Sep 25th, Mission Possible: Justice and Mission, with Brenda Simpson
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Sep 25th: Mission Possible: Justice and Mission, with Brenda Simpson.
I appreciate this group and I’m so glad that you are my church family. This community has supported me very well over most of my adult life. Now I’m excited to be working on mission and justice with you. You a church that is so generous and active. I have to say, I didn’t imagine when I signed up to be Coordinator of justice admission that I would be preaching.
Yet here I am. I am grateful to have the opportunity to talk to you about something that I feel very passionate about. I’ve done a lot of soul searching over the last year and a half. I retired from a job that I really enjoyed to fight a difficult medical situation. About a year ago, I came out the other side.
I still had to get stronger physically and fully recover. But more importantly, I had to decide what I wanted to do with the rest of my life. What is it that gives me purpose? What makes me happy? What makes a good day for me?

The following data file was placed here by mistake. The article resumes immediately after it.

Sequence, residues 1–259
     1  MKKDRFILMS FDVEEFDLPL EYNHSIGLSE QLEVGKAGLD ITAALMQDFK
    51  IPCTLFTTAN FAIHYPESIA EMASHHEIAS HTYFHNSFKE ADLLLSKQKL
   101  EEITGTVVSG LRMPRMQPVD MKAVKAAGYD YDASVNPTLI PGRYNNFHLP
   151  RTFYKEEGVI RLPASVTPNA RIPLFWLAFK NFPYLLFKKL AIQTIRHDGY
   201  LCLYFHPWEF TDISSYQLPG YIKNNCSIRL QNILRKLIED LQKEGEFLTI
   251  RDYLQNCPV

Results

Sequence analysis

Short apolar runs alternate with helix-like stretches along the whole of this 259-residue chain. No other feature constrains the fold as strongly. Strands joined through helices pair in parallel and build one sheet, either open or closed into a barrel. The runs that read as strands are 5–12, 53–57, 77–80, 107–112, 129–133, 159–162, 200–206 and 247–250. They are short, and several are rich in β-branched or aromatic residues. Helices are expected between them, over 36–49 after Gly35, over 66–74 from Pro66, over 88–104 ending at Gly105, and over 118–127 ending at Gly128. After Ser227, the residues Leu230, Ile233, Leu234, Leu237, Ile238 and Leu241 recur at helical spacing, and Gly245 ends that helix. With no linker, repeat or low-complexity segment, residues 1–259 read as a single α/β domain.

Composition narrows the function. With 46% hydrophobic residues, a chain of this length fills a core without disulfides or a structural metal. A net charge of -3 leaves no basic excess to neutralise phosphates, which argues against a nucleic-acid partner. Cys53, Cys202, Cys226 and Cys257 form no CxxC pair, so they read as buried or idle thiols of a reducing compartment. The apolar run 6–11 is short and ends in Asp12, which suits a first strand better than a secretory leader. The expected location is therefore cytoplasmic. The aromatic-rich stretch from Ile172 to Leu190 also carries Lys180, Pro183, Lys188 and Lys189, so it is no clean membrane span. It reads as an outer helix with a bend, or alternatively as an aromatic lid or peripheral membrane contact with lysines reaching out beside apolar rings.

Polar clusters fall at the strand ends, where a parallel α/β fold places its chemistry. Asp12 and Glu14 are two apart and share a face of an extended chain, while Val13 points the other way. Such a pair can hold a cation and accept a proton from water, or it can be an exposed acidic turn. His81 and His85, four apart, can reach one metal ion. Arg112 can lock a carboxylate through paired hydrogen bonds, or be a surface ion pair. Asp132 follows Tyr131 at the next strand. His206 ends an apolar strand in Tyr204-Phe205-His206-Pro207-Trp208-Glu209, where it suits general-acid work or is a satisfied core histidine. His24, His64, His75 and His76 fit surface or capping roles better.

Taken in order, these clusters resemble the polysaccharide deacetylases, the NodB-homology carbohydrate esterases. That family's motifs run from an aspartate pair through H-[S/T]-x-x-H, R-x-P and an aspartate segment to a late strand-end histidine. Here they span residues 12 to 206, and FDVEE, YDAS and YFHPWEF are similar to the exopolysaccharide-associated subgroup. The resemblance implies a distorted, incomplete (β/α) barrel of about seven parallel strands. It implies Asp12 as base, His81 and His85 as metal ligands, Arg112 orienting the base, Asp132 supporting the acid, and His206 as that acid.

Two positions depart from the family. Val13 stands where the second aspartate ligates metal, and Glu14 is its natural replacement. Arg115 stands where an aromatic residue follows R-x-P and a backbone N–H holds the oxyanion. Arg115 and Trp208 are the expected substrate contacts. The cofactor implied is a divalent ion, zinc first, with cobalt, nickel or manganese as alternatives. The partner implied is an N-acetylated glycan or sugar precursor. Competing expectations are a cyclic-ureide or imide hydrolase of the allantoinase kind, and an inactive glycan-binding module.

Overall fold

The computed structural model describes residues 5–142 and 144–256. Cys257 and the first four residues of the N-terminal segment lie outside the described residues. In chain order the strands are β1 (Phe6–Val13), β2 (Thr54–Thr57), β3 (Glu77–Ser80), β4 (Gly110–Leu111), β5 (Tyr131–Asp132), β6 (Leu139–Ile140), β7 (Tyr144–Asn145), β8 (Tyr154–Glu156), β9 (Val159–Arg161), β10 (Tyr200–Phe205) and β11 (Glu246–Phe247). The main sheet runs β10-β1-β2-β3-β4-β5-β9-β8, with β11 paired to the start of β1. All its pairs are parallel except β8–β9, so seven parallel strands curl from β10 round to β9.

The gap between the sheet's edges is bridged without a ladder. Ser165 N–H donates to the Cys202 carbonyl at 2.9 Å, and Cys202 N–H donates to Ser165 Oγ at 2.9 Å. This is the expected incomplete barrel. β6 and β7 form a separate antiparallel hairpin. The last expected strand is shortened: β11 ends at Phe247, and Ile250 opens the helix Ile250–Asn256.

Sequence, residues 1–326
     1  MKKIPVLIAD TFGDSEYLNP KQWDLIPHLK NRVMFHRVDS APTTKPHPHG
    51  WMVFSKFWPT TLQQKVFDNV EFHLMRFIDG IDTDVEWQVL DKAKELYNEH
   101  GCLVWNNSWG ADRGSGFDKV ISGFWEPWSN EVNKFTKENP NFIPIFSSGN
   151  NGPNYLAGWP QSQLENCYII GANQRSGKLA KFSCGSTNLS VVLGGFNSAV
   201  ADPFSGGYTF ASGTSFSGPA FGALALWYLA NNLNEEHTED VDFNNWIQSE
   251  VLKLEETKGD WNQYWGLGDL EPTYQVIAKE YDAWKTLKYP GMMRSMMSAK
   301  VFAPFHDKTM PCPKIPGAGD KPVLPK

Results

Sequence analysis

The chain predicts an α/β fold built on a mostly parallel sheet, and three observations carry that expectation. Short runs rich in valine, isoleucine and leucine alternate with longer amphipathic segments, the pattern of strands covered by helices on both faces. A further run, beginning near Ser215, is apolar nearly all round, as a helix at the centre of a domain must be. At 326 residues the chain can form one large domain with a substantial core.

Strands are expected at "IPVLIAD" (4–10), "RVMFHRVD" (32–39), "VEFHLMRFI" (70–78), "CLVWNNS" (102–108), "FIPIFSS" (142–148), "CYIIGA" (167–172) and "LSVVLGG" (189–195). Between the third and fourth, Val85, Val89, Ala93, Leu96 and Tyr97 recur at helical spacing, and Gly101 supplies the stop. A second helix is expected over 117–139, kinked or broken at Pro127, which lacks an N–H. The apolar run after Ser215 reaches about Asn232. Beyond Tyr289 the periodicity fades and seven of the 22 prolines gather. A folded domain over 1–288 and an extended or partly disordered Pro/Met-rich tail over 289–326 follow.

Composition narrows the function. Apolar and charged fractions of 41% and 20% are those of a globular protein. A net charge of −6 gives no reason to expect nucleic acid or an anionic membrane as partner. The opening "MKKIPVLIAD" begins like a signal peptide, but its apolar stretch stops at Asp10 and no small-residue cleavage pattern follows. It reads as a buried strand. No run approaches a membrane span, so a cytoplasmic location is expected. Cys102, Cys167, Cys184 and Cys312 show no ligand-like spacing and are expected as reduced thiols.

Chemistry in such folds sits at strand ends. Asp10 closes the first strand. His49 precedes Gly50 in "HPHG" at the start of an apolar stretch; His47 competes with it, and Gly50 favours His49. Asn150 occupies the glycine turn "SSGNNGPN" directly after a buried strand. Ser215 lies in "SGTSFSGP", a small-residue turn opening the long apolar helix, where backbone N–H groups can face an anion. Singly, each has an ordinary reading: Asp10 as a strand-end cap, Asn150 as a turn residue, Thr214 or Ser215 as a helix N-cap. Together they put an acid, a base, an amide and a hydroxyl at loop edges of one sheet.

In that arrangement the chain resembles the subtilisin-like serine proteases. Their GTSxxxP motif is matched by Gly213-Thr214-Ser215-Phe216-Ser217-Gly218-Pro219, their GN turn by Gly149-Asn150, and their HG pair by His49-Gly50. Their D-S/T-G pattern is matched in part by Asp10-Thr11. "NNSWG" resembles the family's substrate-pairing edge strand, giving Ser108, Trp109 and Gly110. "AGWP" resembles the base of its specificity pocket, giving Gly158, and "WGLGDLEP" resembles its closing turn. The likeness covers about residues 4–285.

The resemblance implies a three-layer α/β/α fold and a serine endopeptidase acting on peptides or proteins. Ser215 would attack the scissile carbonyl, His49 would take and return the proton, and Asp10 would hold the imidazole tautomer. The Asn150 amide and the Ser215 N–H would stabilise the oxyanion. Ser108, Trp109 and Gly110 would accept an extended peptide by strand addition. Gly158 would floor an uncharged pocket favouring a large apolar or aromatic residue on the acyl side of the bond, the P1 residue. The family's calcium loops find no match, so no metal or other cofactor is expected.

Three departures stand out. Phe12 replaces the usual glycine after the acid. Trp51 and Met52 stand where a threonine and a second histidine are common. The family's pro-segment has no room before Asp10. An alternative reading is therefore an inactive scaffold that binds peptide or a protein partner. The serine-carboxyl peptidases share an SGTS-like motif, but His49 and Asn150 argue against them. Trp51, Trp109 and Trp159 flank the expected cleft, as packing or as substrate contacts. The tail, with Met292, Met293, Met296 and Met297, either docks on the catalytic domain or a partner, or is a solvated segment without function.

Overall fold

What makes me feel valuable? I adopted a personal motto in the form of a Bible verse one john 318. Little children, let us not love with word or tongue, but indeed and truth. Let’s start today by reading a passage from Matthew. Matthew 25 31 through 40.
I’m reading from the message. Translation when he finally arrives, blazing in beauty and all his angels with him, the Son of man will take his place on his glorious throne. Then all the nations will be arranged before him, and he will sort the people out, much as a shepherd sorts out sheeps and goats, putting the sheep to his right and the goats to his left. Then the king will say to those on his right, enter, you who are blessed by my Father, take what is coming to you in this kingdom. It’s been ready for you since the World’s Foundation, and here’s why I was hungry and you fed me.
I was thirsty and you gave me a drink. I was homeless and you gave me a room. I was shivering and you gave me clothes. I was sick and you stopped to visit me. I was in prison and you came to see me.